A series of 212 cases of pancreatic heterotopia has been analyzed in order to ascertain the frequency of this congenital anomaly and to determine the cause of significant clinical symptoms. In the period from 1952 through 1971, 212 cases of heterotopic pancreas were seen at the Mayo Clinic. A firm causal relationship to symptoms was difficult to establish. Obscure gastrointestinal tract bleeding; often attributed to this lesion, was rarely associated with ulceration or necrosis when the lesion was excised and examined microscopically. When heterotopic pancreas was discovered at operation, however, excision was a safe and warranted procedure. Confusion with lesions such as small myomas and carcinoids was thus eliminated and a further diligent search could be pursued for the cause of persistence of symptoms originally attributed to the heterotopia.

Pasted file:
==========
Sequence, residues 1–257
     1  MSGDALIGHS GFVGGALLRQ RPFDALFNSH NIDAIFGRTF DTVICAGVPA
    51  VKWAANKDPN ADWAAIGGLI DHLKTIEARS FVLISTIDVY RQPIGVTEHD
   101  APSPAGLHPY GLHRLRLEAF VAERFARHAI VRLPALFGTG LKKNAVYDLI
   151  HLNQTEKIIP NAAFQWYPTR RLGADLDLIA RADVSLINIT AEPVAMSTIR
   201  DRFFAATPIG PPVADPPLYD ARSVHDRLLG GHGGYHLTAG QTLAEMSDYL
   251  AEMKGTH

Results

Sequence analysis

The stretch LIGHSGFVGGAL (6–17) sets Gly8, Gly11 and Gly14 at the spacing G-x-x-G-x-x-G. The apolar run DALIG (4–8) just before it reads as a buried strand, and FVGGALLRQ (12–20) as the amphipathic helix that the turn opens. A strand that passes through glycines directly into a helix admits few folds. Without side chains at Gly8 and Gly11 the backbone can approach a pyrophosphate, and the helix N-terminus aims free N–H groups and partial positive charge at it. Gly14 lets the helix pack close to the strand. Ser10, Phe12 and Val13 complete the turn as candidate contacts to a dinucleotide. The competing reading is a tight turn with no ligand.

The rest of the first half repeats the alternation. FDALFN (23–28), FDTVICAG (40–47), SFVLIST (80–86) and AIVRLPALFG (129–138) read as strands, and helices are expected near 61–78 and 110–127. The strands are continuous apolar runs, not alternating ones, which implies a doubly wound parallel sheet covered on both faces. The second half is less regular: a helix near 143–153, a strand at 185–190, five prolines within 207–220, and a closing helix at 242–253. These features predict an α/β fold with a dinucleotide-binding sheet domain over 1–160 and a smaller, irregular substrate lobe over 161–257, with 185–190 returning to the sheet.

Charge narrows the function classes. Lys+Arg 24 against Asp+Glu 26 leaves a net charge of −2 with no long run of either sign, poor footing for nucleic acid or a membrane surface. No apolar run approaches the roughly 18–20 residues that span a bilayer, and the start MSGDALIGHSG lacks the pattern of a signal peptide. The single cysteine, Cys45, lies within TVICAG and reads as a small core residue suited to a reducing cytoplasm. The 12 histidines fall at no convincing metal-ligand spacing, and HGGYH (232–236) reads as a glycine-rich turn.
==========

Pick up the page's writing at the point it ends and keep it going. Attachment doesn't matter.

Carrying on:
Dolan RV, ReMine WH, Dockerty MB. The Fate of Heterotopic Pancreatic Tissue: A Study of 212 Cases. Arch Surg. 1974;109(6):762–765. doi:10.1001/archsurg.1974.01360060032010
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